Pep has also been keen to include the youth after the restart. Phil Foden – I am such a huge fan of the confidence Foden has. He has confidence backed up with ability. When he plays, he doesn’t look remotely out of place amongst the big boys. You can tell he’s been learning from the best – some of his first touches, vision and passing his been exemplary. Nobody could ever replace David Silva, but it’s good to know the options are thrilling for when David does depart. Foden is exciting – he makes a nuisance of himself and always offers a threat. He’s not one for the future, he’s one for now.


Eric Garcia is another player that has really come into his own. I’ve loved seeing him getting more starts. We’ve been linked heavily with a move for the Napoli centre back Kalidou Koulibaly: he would be a fantastic signing for us, there is no doubt. A few have question marks over the fact he’s 29 years old, but I think we need an established, experienced and strong centre back to partner Laporte. We need consistency in defence moving forward. But that’s not to say there isn’t a place for Garcia. He’s in a perfect position, should Nicolas Otamendi and John Stones decide to leave. He’s proving to be a competent and mature talent. But Garcia has been linked with a move to Barcelona – and after the Sane saga, who knows?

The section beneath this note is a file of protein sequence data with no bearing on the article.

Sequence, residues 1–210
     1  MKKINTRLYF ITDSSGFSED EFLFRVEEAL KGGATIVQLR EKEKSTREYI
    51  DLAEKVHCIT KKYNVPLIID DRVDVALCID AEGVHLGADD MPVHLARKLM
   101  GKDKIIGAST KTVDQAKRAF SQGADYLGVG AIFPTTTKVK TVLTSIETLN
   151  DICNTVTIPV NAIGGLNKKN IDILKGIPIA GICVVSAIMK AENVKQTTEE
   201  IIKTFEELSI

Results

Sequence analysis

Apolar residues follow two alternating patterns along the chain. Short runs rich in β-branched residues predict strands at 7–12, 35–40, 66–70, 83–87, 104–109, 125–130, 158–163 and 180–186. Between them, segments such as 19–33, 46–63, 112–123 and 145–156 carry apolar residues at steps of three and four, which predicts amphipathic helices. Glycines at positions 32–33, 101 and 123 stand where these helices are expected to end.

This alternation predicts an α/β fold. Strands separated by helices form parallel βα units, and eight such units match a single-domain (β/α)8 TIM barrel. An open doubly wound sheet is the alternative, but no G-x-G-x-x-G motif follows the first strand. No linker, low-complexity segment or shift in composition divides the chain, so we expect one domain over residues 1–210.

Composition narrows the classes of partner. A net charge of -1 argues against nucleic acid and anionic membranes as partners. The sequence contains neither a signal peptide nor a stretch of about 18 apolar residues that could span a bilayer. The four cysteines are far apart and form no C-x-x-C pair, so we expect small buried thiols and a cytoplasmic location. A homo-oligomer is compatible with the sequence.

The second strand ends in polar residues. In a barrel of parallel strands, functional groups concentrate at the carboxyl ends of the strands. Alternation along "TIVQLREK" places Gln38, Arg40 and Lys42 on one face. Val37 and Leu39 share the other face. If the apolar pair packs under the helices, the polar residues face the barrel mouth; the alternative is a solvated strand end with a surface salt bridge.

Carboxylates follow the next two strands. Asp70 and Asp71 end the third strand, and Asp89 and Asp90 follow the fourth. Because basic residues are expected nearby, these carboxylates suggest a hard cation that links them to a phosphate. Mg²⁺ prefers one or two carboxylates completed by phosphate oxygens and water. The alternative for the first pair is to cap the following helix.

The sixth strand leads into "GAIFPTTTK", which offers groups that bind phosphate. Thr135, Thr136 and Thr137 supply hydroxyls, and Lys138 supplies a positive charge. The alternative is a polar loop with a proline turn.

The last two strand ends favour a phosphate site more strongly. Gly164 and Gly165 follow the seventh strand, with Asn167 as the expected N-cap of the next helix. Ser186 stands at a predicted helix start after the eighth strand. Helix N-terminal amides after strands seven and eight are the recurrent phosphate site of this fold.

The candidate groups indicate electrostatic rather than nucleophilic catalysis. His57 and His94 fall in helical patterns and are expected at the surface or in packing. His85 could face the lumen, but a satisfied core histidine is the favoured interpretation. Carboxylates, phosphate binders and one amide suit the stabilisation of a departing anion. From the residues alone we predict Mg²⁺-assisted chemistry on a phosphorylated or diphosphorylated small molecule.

Cole Palmer, Tommy Doyle, Taylor Harwood-Bellis and Jayden Braaf are all top young prospects from the academy that have been promoted to the first team squad and I’m looking forward to seeing the part they play moving forward for City. Let’s just hope we can avoid another Jadon Sancho situation – we don’t want that level of ability going through our academy and ultimately leaving us.